Dr. Julian Lewis: I am not expert in this field, but I am a little surprised that the hon. Gentleman seems to be suggesting that people who reached the top posts in their Department as permanent under-secretaries were appointed on the basis of a partisan belief that they were “one of us”. In order even to have been contenders for the top post, they would surely have had to have had distinguished careers in the civil service, to get the second level.

Dr. Wright: To support what I am saying, let me simply quote one history of the civil service, which says:

That is quite fairly put and reflects the approach of a radical and reforming Administration.

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Dr. Lewis: The hon. Gentleman is being generous in giving way again. With respect, even that quotation does not sound like a description of party political partisanship, but a description of an attitude of mind, based on whether someone is a proactive or a reactive person. The hon. Gentleman will have to make a stronger case to suggest that we are talking about party political politicisation, in the context of such high appointments to the professional ranks of the civil service.

Dr. Wright: I tried to put the matter as fairly as I could, rather than in a partisan way. I was trying to explain that there has been a standing temptation on the part of Governments who feel a desire to shake up the system to get people in place who will enable them to do so. That was true of the Thatcher period and it was true of the Blair period, too. It is interesting that similar charges were levied in each period about the consequences of that. If we scrape away those charges and go beyond the political exchanges in those periods, the question is: was something happening to make the civil service politicised? Are politicians behaving in relation to the civil service in ways that are improper and disturbing its tradition of neutrality, independence and impartiality?

Kelvin Hopkins: I want to follow up on the two interventions made by the hon. Member for New Forest, East (Dr. Lewis). During the Thatcher era, there was a serious philosophical, ideological change; was it not possible for someone in government to determine which side of that ideological divide a civil servant might reside? Could not they make sure, with a wink and a nod, that people on the Thatcherite side of that divide would be promoted and that those who had lingering attachments to social democracy would be marginalised?

Dr. Wright: That is an interesting observation. I was trying to argue that although such charges are made for political reasons in each period of government, they do not stand up when tested against the question whether the character of the civil service is being fundamentally altered by what is happening.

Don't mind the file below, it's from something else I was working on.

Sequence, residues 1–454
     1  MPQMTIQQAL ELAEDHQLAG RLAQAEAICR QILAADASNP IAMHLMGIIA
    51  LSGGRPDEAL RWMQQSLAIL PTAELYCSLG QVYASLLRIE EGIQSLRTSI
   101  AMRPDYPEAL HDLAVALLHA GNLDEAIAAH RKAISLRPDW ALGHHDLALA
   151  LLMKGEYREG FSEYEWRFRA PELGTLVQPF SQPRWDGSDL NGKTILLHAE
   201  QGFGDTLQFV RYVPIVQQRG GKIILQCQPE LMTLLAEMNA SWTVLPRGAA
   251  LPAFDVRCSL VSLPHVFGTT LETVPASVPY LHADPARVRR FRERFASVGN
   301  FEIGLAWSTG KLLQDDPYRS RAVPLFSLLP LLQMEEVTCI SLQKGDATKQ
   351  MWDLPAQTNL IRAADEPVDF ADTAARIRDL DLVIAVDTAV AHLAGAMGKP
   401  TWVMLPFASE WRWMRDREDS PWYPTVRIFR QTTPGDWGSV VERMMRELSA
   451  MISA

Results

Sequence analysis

The Select Committee on Public Administration, which I have the honour to chair, considered this issue in some detail just a year ago. We produced a report called “Politics and Administration: Ministers and Civil Servants”, which examined the politicisation charges made over the years. It is worth quoting a paragraph that sums up the evidence that we received. We said that:

That is an accurate summary, and shows why the general charge of politicisation, whether under Conservative or Labour Governments, simply is not sustainable.

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In any serious discussion on this issue, it is worth discussing the appropriate balance between the political element in government and the permanent element. It is worth having that discussion here and in any comparable political system, and there would be different answers for the different systems, all of which claim to uphold the principles of democratic politics. I remember being introduced to the Australian Cabinet Secretary, some years ago, and discovering that he was a political appointee. In Canada—another Commonwealth country—the permanent secretaries, whom they call deputy ministers, are all political appointees.

What is the correct balance between the political and permanent bureaucratic elements of government? That question can be answered in a variety of ways, and is always open to dispute. Internationally, we are at an extreme end of that spectrum, with our small element of political appointment within government. Given the arguments about this issue that we have had in this country over the years, one would think that we were right at the other end of the spectrum. Extraordinary attention has been paid to the appointment of special advisers over the years, but there is minute political involvement in government here.

To return to my comments about radical reforming Governments sometimes revisiting the issue, the case is sometimes made for changing the balance fundamentally. That argument was put forward by Sir John Hoskyns, who ran Mrs. Thatcher’s policy unit for the first three years of her Conservative Government. He was an interesting man—one of Mrs. Thatcher’s business men and can-do people whom she brought in. He spent a year working out exactly how Britain was governed and what the problems were with that method, and put his findings in a diagram. When Mrs. Thatcher was shown the diagram—she was a chemist, as we know—she said that it looked exactly like the plan of a chemical plant.

John Hoskyns was impatient about the balance between the political and civil service elements, and wanted to change it. After he left that job, he said:

He went on to say:

I did not give that quote simply to make a political point, to damn that political period or to revisit matters that provide a political opportunity. There is a perfectly proper argument to be had about the balance between the political element in government and the permanent civil service element. All political systems have that discussion, as we do. We allow exemptions to appointment on merit through secondments and short-term contracts, and we could have a grown-up discussion about such matters if we wanted to.

In recommending a civil service Bill in 1854, Northcote and Trevelyan said in their report: